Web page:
Significant associations between omega-3 consumption and cancer risk were reported for lung cancer in two studies; for breast cancer in one; for prostate cancer in one; and for skin cancer in one. However, for lung cancer, one of the significant associations was for increased cancer risk and the other was for decreased risk (four other risk ratios were not significant for lung cancer). For breast cancer, five other estimates did not show a significant association. Only one study assessed skin cancer risk. No effects were reported for cancers of the aerodigestive tract, bladder cancer, colorectal cancer, lymphoma, ovarian cancer, pancreatic cancer, or stomach cancer. Thus, omega-3 fatty acids do not appear to decrease overall cancer risk.

Temporal and/or Dose-Response Relationship Between Tumor Incidence and Omega-3 Fatty Acid Intake

Data were insufficient to permit assessment of a temporal or dose-response relationship.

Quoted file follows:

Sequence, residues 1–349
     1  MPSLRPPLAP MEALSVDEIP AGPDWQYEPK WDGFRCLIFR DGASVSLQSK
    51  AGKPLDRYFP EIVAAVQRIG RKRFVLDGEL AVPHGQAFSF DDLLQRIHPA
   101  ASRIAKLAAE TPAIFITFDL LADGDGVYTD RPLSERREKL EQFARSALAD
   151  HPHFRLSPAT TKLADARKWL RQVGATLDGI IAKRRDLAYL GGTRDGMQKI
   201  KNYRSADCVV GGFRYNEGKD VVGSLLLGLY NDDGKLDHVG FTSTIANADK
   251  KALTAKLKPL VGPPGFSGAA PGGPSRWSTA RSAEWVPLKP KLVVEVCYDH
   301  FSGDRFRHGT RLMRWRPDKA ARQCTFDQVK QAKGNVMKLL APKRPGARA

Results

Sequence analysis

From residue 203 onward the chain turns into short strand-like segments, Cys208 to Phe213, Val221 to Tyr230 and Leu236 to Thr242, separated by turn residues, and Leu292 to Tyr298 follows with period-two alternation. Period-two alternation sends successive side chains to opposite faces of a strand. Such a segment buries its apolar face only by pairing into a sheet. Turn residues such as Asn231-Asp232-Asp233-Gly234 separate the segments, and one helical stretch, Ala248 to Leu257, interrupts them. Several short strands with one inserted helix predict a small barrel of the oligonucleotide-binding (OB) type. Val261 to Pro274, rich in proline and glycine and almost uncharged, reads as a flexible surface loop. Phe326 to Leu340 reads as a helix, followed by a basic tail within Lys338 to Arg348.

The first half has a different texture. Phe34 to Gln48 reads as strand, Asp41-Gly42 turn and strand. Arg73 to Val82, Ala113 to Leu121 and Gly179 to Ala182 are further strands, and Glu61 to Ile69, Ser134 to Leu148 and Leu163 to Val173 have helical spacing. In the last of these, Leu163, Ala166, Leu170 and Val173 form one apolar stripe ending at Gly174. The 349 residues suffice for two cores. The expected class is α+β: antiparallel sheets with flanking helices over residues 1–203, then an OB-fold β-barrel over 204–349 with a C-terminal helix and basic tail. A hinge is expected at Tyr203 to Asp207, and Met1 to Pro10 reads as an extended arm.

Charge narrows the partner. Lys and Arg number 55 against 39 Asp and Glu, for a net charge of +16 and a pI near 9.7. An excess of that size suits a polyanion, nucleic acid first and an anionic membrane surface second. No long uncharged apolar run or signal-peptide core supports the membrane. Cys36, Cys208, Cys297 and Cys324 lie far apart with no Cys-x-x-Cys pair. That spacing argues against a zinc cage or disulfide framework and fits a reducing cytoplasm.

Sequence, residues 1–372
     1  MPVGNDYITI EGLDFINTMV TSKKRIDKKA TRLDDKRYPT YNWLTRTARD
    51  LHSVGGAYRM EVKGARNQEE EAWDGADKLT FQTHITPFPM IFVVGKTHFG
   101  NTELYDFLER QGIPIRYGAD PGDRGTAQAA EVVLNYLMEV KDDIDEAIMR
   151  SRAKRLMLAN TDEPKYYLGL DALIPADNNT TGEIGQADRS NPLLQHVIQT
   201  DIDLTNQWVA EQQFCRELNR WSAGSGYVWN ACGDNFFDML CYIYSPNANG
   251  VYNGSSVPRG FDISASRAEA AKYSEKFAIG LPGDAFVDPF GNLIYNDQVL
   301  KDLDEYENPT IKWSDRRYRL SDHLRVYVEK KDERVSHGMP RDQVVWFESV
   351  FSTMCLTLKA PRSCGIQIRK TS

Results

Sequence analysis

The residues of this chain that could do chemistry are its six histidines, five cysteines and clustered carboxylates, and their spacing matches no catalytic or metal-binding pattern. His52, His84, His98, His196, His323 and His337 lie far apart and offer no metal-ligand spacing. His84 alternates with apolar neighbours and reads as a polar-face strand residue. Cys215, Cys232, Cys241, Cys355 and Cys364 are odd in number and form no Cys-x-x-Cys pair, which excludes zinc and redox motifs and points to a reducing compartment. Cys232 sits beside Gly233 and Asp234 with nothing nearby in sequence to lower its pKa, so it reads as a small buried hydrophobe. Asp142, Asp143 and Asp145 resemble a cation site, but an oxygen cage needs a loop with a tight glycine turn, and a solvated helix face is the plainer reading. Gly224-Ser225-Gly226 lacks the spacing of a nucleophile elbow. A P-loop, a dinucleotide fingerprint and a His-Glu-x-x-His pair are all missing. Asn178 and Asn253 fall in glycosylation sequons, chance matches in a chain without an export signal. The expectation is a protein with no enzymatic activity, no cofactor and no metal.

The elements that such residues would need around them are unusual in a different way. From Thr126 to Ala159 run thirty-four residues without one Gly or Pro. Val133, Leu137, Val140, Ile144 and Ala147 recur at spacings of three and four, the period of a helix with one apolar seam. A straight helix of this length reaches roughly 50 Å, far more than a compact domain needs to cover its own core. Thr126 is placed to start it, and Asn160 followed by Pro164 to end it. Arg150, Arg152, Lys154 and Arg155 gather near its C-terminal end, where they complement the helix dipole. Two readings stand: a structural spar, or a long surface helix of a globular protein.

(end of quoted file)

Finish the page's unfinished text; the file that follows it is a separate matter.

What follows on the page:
Evidence for Involvement of Genes for Omega-3 Fatty Acid Transport or Metabolism

No studies were identified that investigated the role of omega-3 fatty acid transport or metabolism genes in any putative effect of omega-3 fatty acids on tumor incidence.

Evidence for Dependence on Intake of Antioxidants or Other Bioactive Food Components

No studies were identified that allowed this question to be answered.

Evidence for Modification of Response to Omega-3 Fatty Acids by Immune Status

No studies were identified that examined the possible modification of the effect of omega-3 fatty acids by immune status.

Effect of Omega-3 Fatty Acids on Clinical Outcomes